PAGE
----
Microsoft Surface Pro 3
Building on the Surface Pro 2 released late last year, the Surface Pro 3 is the "tablet...
Apple MacBook Air (13-inch)stars
The 13-inch MacBook Air gets a minor CPU upgrade and $100 price cut, keeping it near the...
Apple MacBook Pro with Retina Display (2013, 15-inch screen)stars
Thanks to new Intel CPUs and upgraded components, the 15-inch MacBook Pro remains a high-end...
Asus Transformer Book T100stars
You will have a hard time beating the $379 (or less) price for this compact 10-inch Windows...
Apple's newest MacBook Air got a nip and tuck, a small tweak to bring it in line with the look of the current MacBook Pro. Nothing rams this point home more than the hardware inside, the fact that it's still running a Core 2 Duo being chief suspect.
This is nothing to be ashamed of, of course. Some Windows-based thin-and-light laptops still use the Core 2 Duo as a way to keep heat and cost down (although they're now transitioning to Core i3 and i5), while still being able to achieve the svelte form factor that the MacBook Air pioneered in the first place. This time around though Apple has boosted its 9400M graphics solution to the GeForce 320M, also found in the latest 13-inch MacBook Pro.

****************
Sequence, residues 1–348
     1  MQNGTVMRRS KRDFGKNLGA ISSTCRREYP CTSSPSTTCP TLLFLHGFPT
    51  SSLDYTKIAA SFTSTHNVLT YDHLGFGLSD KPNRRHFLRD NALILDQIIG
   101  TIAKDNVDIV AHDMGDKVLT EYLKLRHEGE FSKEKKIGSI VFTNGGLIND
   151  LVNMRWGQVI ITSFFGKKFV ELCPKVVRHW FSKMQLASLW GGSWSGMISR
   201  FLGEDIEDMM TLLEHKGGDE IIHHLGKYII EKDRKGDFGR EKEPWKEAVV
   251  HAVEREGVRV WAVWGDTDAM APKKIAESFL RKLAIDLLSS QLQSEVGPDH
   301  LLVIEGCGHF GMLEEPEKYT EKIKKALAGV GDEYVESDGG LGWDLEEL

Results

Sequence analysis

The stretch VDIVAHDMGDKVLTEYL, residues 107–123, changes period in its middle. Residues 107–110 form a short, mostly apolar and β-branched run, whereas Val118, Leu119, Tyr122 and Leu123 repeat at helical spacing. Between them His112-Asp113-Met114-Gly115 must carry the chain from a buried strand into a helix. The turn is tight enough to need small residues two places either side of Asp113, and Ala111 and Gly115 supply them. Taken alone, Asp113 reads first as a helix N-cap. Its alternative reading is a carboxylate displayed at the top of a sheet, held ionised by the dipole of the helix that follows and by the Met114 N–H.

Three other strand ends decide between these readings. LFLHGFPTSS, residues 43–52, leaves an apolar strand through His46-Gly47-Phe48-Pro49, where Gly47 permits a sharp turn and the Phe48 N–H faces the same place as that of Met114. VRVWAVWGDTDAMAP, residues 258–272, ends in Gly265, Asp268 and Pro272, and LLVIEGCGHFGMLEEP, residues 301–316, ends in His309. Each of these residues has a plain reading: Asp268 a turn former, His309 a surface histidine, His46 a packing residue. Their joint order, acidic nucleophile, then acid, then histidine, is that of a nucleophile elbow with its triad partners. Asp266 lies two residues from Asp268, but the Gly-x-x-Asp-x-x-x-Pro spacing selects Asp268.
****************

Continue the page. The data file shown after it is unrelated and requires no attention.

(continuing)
Our particular review sample comes with 2GB RAM and a 128GB flash drive. Apple's making a point of not calling it an SSD in its marketing (although OS X's Disk Utility is perfectly happy calling it thus, as is Toshiba).
All this hardware is crammed into a unibody aluminium shell, refined since the last iteration — it has an extra large touch pad, with single button press as per the MacBook Pro. The power button has been moved into the keyboard, sitting right next to the F12 key. The annoying flip down ports are gone, in favour of directly exposing them to the outside for easy access.
There are now two USB ports instead of one, a headphone jack, SD card reader and Mini DisplayPort out. Sadly, it doesn't inherit the backlit keyboard or edge-to-edge glass of the MacBook Pro, and there's no dedicated microphone jack or Ethernet — all features that we feel would push the Air into true luxury zone. Admittedly, it'd likely also drive up the price and push the Air into the unattainable zone for many as well.